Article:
|This article appeared in The Economic Times, a leading financial newspaper of India, on 5 Jun 2009. The author: Dibeyendu Ganguly
Two years ago, Reliance Mutual Fund was in a quandary over one of its star managers. The individual in question had had quite a dream run in his
eight years with the company, averaging a promotion every eighteen months and rising from relationship manager to zonal head. But now he wasn’t quite ready to move into the next level. He was great with his own team, but didn’t come across too well in larger gatherings. He didn’t communicate well. He lacked grooming. The top management felt he needed to conduct himself better.
“High performers often move so fast that they don’t get a chance to absorb the softer behavioural aspects that are crucial at higher levels,” says Reliance Mutual’s HR head, Rajesh Derhgawen. “They’re so caught up with their day to day work that they have no time for introspection. They need someone to hold up a mirror, make them see clearly what their strengths are and where they’re lacking.”
In what was then an unusual step, Reliance Mutual decided to make a substantial investment on its star performer. It hired an executive coach to help him evolve. The returns on the investment turned out to be high, for the company has since brought in two more coaches to help six other managers in its offices in Mumbai and Delhi. “We’re not doing it just for senior managers, which other companies do, but for middle management as well,” says Derhgawen.
One of the coaches roped in by Reliance Mutual is Ashu Khanna, a chartered accountant who previously worked with PricewaterhouseCoopers and Kotak Bank. Khanna quit a regular job to become a certified corporate coach because she “enjoys helping people succeed.”
“Too many people loose sight of what they want in life. The coaching process is meant to give them clarity of thought and help them make the right choices. I see myself as an unbiased sounding board. My job is to help my clients get ahead,” she says.
One of Khanna’s assignments was to help a star performer learn to manage his time. The executive lead a large team, but was unwilling to delegate , preferring to be personally involved in everything. This style had served him well in the past, but had now become a problem. “My job is to help people change their perspective,” says Khanna.
“In this case, the coaching was meant to shift the individual’s focus to motivating and developing his subordinates.” Borrowed from the world of sports, the concept of executive coaching is still fairly new the world over. It’s a close cousin to mentoring, which has been around longer and is an arrangement internal to the organisation.
The biggest problem with an internal mentor, of course, is that he or she may not have enough time to spare, since it’s not his or her primary job. An external coach, on the other hand, is fully focused on the process, which typically consists of a two-hour session every week, stretching over 12 weeks. But external coaches don’t come cheap.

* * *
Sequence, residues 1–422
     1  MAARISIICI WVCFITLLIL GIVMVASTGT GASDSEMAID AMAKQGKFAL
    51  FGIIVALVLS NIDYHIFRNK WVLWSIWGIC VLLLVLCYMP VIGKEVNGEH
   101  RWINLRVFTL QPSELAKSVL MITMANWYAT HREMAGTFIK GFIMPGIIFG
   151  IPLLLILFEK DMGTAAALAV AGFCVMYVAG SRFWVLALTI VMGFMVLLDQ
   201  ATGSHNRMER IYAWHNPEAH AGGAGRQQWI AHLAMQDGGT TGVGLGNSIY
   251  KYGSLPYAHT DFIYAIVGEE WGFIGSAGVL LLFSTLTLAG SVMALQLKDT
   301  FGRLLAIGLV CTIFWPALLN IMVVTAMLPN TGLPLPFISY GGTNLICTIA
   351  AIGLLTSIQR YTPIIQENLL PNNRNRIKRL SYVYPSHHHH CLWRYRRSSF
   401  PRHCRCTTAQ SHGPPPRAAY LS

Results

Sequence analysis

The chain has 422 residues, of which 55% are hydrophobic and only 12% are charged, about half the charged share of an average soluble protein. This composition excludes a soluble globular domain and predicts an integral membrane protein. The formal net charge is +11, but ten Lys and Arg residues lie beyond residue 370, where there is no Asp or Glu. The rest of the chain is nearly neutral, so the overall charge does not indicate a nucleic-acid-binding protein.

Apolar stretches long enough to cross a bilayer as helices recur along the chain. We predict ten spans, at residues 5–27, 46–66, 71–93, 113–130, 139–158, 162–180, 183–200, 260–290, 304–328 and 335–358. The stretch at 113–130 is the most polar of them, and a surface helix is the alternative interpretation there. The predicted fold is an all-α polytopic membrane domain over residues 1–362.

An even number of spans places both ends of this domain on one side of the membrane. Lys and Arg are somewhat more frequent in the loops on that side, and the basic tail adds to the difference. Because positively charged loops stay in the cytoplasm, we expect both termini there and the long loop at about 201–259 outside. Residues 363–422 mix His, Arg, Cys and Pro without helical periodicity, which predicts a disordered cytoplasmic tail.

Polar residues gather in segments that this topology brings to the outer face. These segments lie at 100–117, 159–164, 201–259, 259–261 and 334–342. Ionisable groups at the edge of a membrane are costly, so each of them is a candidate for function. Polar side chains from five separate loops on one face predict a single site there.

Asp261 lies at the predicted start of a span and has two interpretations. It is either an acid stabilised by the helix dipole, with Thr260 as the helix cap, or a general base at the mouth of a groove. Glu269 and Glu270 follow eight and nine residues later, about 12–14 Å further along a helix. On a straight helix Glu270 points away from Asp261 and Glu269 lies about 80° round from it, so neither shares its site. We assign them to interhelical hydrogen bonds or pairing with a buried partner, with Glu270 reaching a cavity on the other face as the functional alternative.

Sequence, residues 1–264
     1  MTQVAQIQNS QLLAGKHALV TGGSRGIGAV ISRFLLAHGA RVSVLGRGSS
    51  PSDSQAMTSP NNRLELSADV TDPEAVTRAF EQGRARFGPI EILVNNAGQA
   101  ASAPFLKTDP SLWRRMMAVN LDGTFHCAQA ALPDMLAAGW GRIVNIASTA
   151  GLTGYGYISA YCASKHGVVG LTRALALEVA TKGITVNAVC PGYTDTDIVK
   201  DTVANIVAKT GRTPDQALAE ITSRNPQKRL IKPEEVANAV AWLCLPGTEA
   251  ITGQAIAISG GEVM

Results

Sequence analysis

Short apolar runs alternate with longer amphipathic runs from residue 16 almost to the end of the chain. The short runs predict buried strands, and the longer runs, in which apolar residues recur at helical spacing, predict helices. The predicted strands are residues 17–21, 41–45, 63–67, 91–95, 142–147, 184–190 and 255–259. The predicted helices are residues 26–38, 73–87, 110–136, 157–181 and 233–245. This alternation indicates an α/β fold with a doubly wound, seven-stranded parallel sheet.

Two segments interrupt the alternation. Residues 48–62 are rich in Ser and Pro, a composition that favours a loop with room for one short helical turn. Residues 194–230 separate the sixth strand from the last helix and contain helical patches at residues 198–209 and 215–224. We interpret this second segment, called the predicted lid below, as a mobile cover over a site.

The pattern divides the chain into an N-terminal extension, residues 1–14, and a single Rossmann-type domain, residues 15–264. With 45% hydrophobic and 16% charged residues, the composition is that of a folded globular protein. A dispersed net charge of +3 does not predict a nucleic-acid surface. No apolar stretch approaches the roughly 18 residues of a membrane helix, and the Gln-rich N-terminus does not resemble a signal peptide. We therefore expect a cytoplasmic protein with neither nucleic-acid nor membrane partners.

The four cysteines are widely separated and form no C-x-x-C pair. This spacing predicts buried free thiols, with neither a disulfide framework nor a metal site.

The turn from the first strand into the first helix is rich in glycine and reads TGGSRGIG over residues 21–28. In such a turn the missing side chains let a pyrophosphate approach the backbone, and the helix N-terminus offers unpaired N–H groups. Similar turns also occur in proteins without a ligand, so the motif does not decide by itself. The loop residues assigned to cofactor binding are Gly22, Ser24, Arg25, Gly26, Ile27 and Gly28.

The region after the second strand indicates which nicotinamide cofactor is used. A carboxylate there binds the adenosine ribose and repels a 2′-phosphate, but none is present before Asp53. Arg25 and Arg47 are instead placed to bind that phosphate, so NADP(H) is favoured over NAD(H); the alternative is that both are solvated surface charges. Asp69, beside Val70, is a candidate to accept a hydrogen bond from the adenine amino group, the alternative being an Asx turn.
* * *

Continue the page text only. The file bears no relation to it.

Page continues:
Nihar Ghosh, HR head at RPG Retail, is a certified executive coach himself, but has never used coaching services in his own organisation. “A good coach would charge around Rs 40,000 for a two hour session and that’s expensive. We can’t afford it right now,” he says. In India, the biggest users of external coaching services are the multi-national subsidiaries, who have imported it as a global best practice. Not suprisingly, the headquarters of the Indian chapter of the International Coach Federation (ICF) is in Bangalore, which is home to the global IT majors. The ICF currently has 395 members and its president BS Rao says, “Most of our members have an HR background, though there are also some former CEOs who have recently joined.”
Among Indian companies, the greatest demand for coaching has so far been from the members of the promoter families. Jagmohan Bhanver, head of the executive coaching arm of PeopleFirst Consulting , has handled over 80 assignments and he says that 70% have come from established Indian business families: “The request usually comes from the company’s board. Today’s promoters need coaching on how to relate to the professionals they’ve hired. The second issue I help them with is succession and handling relationships with other family members.”
Given that people’s personal lives are closely meshed with their professional lives, coaching can be a fairly intense process. Most high performing individuals have problems with their work-life balance and this is invariably the cause of much heartburn . Ameen Merchant, who has spent eight years as a corporate coach, divides these personal issues into six segments — family, health, social, financial, spiritual and mental.
“Along with professional goals, it’s important to help people set personal goals,” says the former pharma executive. “It could be something really simple but important to the individual. I once coached a top executive who deeply regretted giving up the reading habit because of lack of time. We set a goal that he should start reading three books a month or 40 books a year. He’s stuck to the goal and is a much happier man now.”
Another individual who Merchant coached said he had lost all touch with his friends and had no social life because of his work: “At first he said he didn’t need a social life, but I could see it bothered him. As we talked it emerged that he was a shy, introverted person who found it hard to socialise. He wanted to change this aspect of his life.”
Today, executive coaching in India is growing through a trickle down effect, with CEOs and senior managers who have benefited from the process passing it down. Meanwhile, the beneficiaries of the coaching are beginning to see it as more than a nice-to-have perk. As the job market tightens and the climb to the top becomes increasingly slippery, good coaching just might make the difference between making it or falling by the wayside.